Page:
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City of Boston receives grant for climate change preparedness

August 21, 2015

Environment

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Environment

The City received $350,000 in funding from the Commonwealth of Massachusetts.

BOSTON - Friday, August 20, 2015 - Mayor Martin J. Walsh today announced that the City of Boston has received $350,000 in funding from the Commonwealth of Massachusetts to support climate preparedness in Boston, as part of the state's Office of Coastal Zone Management's Coastal Community Resilience Grant Program. The grant will support the Boston Climate Preparedness Planning Initiative, a project led by the City's Office of Environment, Energy and Open Space in partnership with the Boston Green Ribbon Commission.

"Boston is keenly aware of its vulnerability to sea-level rise and the other effects of climate change," said Mayor Walsh. "We are working hard to reduce our emissions of greenhouse gases and ensure that we are prepared for the changes that we cannot prevent, as laid out in the Greenovate Boston Climate Action Plan that I released in January. I want to thank the Commonwealth for this grant, which will give a significant boost to our climate preparedness efforts."

The Boston Climate Preparedness Planning Initiative will generate critical solutions for resilient neighborhoods, infrastructure and governance that help the region thrive and grow in the face of long-term climate uncertainties. In particular, it will identify "critical resiliency focus areas" and develop an initial portfolio of concrete solutions for each area. Those solutions will span a broad range of possible types of interventions, including regulations, financial incentives, technical assistance, design standards and physical infrastructure projects. The project is a joint initiative of the City of Boston, the Boston Redevelopment Authority and the Boston Green Ribbon Commission.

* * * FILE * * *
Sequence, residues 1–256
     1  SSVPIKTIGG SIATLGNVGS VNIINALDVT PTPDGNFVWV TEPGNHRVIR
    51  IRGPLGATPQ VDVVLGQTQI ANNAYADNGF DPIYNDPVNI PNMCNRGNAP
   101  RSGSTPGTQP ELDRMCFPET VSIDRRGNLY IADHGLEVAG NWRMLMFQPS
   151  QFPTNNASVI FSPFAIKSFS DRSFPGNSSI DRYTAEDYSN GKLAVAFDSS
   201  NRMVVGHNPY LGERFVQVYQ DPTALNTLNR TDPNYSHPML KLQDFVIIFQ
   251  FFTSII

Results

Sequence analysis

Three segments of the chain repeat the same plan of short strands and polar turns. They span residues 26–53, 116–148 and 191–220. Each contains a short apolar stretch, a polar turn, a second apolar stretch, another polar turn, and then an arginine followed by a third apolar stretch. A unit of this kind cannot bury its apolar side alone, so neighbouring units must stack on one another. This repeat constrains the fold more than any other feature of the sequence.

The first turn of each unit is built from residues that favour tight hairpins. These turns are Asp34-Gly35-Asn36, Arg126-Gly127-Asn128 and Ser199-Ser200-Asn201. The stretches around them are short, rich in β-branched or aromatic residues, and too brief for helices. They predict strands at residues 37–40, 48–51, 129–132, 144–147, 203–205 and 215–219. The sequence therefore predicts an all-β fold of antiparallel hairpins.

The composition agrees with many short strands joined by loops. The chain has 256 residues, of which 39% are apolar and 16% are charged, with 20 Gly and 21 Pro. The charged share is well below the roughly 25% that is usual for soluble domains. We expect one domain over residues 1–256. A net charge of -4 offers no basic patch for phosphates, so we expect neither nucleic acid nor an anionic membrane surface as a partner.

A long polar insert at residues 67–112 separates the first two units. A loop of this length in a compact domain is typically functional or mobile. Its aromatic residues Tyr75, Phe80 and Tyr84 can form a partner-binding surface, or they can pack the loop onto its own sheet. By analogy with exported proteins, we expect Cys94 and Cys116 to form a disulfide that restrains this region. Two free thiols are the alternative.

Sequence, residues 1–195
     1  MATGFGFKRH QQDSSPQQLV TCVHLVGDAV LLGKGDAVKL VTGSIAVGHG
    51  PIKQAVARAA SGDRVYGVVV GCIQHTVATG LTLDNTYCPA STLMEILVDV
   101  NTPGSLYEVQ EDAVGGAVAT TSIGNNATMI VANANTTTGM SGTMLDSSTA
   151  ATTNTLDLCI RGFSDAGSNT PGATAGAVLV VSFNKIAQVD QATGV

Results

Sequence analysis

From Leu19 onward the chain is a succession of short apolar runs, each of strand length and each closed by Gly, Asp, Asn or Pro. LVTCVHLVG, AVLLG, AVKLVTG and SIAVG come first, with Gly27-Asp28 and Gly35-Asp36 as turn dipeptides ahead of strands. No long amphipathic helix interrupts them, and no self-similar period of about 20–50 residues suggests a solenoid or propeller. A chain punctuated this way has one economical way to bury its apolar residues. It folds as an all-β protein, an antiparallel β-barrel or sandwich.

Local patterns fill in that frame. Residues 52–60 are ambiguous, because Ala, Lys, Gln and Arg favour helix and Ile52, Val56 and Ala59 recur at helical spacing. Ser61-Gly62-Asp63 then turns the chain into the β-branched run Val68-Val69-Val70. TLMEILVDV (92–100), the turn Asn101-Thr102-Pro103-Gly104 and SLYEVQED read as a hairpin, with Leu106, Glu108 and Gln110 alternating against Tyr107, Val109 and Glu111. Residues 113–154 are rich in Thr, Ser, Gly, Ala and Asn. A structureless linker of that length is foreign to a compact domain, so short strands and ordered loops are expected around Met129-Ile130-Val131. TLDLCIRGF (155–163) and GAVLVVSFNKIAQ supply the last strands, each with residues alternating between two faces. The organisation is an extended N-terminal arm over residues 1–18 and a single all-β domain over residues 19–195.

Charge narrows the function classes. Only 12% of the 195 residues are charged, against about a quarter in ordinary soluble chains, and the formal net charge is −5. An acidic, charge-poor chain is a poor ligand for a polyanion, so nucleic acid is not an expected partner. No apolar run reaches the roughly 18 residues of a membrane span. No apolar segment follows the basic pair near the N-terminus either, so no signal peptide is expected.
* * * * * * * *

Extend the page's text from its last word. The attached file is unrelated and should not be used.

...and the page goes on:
"The grant awarded to the City of Boston will help city leaders and environmental officials proactively plan to protect citizens and infrastructure from the effects of climate change while working to improve coastal resiliency," said Energy and Environmental Affairs Secretary Matthew Beaton. "The Baker-Polito Administration is committed to working with communities like Boston to develop new, innovative and effective ways to address the pressing issue of an ever-changing climate."

"This grant is another milestone in the Walsh Administration's efforts to help protect and prepare our citizens for our changing climate," said Austin Blackmon, Chief of Environment, Energy and Open Space. "I look forward to continuing our strong partnership with Secretary Beaton and Executive Office of Energy and Environmental Affairs."

In April 2014, the City also received a Coastal Community Resilience grant, which supported the Boston Living with Water Design Competition that sought design solutions envisioning a beautiful, vibrant and resilient Boston that is prepared for climate conditions and rising sea levels. Fifty teams composed of more than 340 individuals from eight different countries participated in the two-stage competition, which was a a joint project of the City of Boston, the Boston Redevelopment Authority, The Boston Harbor Association and the Boston Society of Architects.